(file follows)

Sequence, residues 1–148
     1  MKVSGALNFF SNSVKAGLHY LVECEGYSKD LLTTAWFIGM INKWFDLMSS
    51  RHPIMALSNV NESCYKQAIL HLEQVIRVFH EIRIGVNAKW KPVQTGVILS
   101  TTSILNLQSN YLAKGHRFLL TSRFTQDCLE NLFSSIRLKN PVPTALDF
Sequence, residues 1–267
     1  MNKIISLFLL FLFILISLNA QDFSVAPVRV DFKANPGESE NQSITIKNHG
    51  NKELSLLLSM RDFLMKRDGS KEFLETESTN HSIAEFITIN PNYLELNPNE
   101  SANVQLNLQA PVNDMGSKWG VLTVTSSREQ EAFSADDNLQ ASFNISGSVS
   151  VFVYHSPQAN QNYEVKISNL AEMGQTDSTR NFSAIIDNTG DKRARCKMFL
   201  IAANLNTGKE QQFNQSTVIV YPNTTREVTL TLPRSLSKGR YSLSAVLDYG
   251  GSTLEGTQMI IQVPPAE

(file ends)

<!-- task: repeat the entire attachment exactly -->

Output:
Sequence, residues 1–148
     1  MKVSGALNFF SNSVKAGLHY LVECEGYSKD LLTTAWFIGM INKWFDLMSS
    51  RHPIMALSNV NESCYKQAIL HLEQVIRVFH EIRIGVNAKW KPVQTGVILS
   101  TTSILNLQSN YLAKGHRFLL TSRFTQDCLE NLFSSIRLKN PVPTALDF
Sequence, residues 1–267
     1  MNKIISLFLL FLFILISLNA QDFSVAPVRV DFKANPGESE NQSITIKNHG
    51  NKELSLLLSM RDFLMKRDGS KEFLETESTN HSIAEFITIN PNYLELNPNE
   101  SANVQLNLQA PVNDMGSKWG VLTVTSSREQ EAFSADDNLQ ASFNISGSVS
   151  VFVYHSPQAN QNYEVKISNL AEMGQTDSTR NFSAIIDNTG DKRARCKMFL
   201  IAANLNTGKE QQFNQSTVIV YPNTTREVTL TLPRSLSKGR YSLSAVLDYG
   251  GSTLEGTQMI IQVPPAE